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Life and Arts

That’s showbiz

Guy Myers has turned the Burroughs drama department around.

When he started teaching English during the 2006-07 school year, there was only a drama class and play production class. After he took over the drama department in 2007-08, he proposed a musical theater class.

“I thought if we gave them different options, it would bring in more kids,” he said. “And the musical theater class filled up.”

During that year, so much excitement was built up, they had to add another class for the 2008-09 school year.


Next year another drama class will be added, which will bring the theater program to five classes.

“Which is a really fast growth,” said Myers, who received his bachelor’s degree in theater studies from <runtime:topic id="OREDU0000166">Yale University</runtime:topic>. “Lots of times it take years, and we’ve been really fortunate, and I’ve had a lot of support from the administration, students and parents, and I’ve been really lucky.”

And the students feel just as fortunate, said junior Robby Motz, 16.

Robby is in his first semester in the drama program. Myers’ positive approach coaching the students with their acting techniques is why Myers has had so much success with the program, Robby said.


“Mr. Myers has shown me what it’s like to be an actor,” he said. “He’s a really good model for that and a really good director. He never criticizes us, but says, ‘That was good, but I need you to do this.’ He’s there every step of the way.”

Robby is among 40 students and 10 crew members in rehearsals for a production of the <runtime:topic id="01000000045918">romantic</runtime:topic> <runtime:topic id="010000000943">comedy</runtime:topic> “Vacancy in Paradise” by John Kirkpatrick, opening Thursday and continuing through Sunday in the auditorium.

The show is about a vacation spot with several cabins on a lake that no one uses anymore. An advertising executive happens in, and is so charmed by the woman who runs it that he comes up with marketing schemes suggesting people will meet the people of their dreams at the vacation place. Quite a few women show up, and hilarity ensues, Myers said.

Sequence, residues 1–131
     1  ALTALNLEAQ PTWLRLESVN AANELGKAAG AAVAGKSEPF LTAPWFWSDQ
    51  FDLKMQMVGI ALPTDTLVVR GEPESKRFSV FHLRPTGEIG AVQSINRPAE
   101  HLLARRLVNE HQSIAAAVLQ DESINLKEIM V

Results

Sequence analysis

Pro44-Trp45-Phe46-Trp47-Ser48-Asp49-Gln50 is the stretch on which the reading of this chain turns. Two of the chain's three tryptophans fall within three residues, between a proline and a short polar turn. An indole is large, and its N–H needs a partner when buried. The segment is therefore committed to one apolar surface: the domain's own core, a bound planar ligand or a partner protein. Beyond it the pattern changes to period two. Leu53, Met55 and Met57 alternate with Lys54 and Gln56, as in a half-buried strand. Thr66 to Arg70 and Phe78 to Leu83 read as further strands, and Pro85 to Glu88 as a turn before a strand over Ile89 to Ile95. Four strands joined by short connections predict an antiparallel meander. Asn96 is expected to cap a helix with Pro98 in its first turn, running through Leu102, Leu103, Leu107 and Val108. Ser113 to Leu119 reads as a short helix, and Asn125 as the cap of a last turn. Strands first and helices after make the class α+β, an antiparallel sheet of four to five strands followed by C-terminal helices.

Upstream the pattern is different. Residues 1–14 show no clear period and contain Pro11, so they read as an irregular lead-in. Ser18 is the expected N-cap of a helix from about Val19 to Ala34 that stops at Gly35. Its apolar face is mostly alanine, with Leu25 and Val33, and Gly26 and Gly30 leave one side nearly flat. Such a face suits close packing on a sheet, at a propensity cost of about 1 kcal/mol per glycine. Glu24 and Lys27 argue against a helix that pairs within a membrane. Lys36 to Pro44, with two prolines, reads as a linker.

“It was written in the 1960s and takes place in the 1940s,” he said. “It’s very charming — a cute little script.”

Myers said he had never heard of the play until a senior student suggested it last year. He read it over the summer and thought it would work well.

When the students are choosing plays to produce, Myers said he reminds them to think like a director.

“I ask them to consider the appropriateness of the material, the size of the cast, the feasibility of the production regarding acquiring/making sets and costumes and budgetary concerns because they have to purchase the rights to the show and the costumes and props,” he said. “It adds up a lot faster than you think.”

One of the things Myers is especially proud of is that he has pulled together several campus departments to work on different aspects of the production, he said. The wood shop built the sets, and the photography department snapped the headshots for a display in the lobby.


“In the past, we’ve utilized the dance department to choreograph a piece for us, and also all the performing arts classes ¿¿¿ vocal, instrumental, dance and drama ¿¿¿ put on a show together each year,” he said. “In May we are doing ‘A Chorus Line.’”

“I’ve tried to branch out and work with all the other departments,” Myers added. “It gets students excited about creative arts and teaches them that theater is a truly collaborative process. And the wood shop kids turn that skill into a job. Especially in <runtime:topic id="PLGEO100100102380000">Los Angeles</runtime:topic>, they do need people to build sets. Or become a set designer.”



What: “Vacancy in Paradise” a romantic comedy by John Kirkpatrick presented by the Burroughs Dramatic Assn.

When: 7 p.m. Thursday, Friday and Nov. 20; 2 p.m. Nov. 21

Where: Burroughs auditorium, 1920 W. Clark Ave., <runtime:topic id="PLGEO100100102381100">Burbank</runtime:topic>

Cost: $10, $8 for students, seniors and faculty